Speaker: Colin Davis & Justin Colley
    Title: A new approach to Turkish nominalized clauses (WAFL test-run)
    Date: Tuesday, May 10th
    Time: 1:00pm-2:00pm
    Place: 32-D461

    In this talk, we account for the properties of several clause types in Turkish, where we see alternations between genitive and nominative subjects in several circumstances. We make use of two primary tools: 1 - A configurational system of case (Marantz 1991, Levin & Preminger 2014) in which nominative and genitive are reflexes of the unmarked case, respectively in the clausal domain and the nominal domain. 2 - A dynamic view of phasal domains (Den Dikken 2007, Alexiadou et al 2014, Wurmbrand 2013) in which in some circumstances, phasehood shifts its structural position. Taking these concepts together, if nominative and genitive are domain sensitive realizations of the same case specification, we expect that this case will be realized differently in some scenarios where, by phase extension, the relevant domain changes. We argue that this general idea can make sense of a variety of facts about the morphology of Turkish nominalizations, among these some unique traits of nominalizations in adjunct contexts, and contrasts between subjunctive and indicative nominalizations. (Kornfilt 2006)

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    May 9th, 2016

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    LFRG 5/11 - Zuzanna Fuchs  

    Speaker: Zuzanna Fuchs (Harvard)
    Time: Wednesday, May 11, 1-2pm
    Place: 32-D831
    Title: Topichood and split DPs in Georgian: movement or base-generation?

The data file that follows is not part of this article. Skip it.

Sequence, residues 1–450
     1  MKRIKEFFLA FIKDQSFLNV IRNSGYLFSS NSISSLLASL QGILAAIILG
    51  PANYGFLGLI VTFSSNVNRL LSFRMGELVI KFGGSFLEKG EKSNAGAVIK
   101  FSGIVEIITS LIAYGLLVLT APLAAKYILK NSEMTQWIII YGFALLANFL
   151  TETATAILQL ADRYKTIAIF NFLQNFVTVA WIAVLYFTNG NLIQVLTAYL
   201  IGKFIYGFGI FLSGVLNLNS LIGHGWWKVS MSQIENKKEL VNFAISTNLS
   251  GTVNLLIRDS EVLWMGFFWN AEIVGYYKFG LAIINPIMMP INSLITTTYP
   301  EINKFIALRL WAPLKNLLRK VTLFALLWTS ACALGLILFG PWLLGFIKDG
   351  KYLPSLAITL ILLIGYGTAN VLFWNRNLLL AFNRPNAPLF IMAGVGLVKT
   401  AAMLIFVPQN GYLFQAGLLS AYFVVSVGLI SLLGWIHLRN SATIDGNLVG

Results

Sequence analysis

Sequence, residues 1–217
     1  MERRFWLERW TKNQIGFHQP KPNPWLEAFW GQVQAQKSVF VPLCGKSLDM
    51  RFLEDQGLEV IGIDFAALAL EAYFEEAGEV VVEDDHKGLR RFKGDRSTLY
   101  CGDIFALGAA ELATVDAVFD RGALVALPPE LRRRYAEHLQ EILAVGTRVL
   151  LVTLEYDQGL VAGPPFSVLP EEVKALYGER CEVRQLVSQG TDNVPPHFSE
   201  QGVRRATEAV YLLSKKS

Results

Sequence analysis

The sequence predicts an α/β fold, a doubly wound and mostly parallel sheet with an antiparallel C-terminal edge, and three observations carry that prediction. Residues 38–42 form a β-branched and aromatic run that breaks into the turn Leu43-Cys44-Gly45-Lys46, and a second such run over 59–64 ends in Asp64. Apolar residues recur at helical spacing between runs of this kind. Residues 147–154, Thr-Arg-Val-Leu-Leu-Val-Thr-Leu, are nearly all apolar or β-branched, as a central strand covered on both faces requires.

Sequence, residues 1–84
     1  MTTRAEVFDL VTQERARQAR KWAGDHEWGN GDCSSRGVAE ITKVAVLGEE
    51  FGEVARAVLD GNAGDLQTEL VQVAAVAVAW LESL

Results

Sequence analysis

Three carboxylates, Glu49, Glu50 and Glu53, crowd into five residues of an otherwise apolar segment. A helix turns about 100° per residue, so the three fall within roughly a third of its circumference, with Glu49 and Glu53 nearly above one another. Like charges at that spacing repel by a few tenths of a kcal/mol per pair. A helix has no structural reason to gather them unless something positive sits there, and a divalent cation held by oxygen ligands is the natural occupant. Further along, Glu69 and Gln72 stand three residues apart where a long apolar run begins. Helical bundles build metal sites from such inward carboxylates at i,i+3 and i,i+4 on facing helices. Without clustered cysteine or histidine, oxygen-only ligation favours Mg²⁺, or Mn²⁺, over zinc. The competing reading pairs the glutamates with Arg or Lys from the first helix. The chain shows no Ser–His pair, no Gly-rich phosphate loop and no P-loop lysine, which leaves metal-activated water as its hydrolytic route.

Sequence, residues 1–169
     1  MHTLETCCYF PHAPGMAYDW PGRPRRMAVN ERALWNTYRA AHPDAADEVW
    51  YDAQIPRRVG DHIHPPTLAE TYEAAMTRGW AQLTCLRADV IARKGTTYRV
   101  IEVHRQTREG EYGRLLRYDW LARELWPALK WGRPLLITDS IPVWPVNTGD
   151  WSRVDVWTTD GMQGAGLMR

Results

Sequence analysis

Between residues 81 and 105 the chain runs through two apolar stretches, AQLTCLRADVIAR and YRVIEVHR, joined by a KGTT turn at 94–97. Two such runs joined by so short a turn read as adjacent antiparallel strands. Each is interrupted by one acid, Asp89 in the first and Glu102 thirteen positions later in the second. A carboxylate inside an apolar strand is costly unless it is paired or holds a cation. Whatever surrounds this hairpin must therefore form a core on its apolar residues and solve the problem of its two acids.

Discontinuous (or split) DPs have been reported in several languages, including Polish, Russian, German, Warlpiri, Mayan Yucatec, and others. In these constructions, material external to the DP can intervene between a head noun and one or more of its modifiers. While the null hypothesis for split DPs is subextraction out of the DP, a range of evidence for Georgian (adjective scope reconstruction, Principle C binding effects, and more) appears to argue against such an analysis for the Georgian data, suggesting instead that one part of the split may be base-generated in a topic position. Additionally, case concord interacts with split DPs in Georgian in a peculiar way that existing accounts of split DPs cannot account for: (1) for some modifiers, case concord is ungrammatical in continuous DPs but obligatory in split DPs and (2) the dative and accusative cases on modifiers are null in continuous DPs but are realized as -s in split DPs — a form restricted to the dative and accusative on head nouns in continuous DPs. In this talk, I present the arguments against subextraction for Georgian DPs and give an NP-ellipsis account of the case concord facts.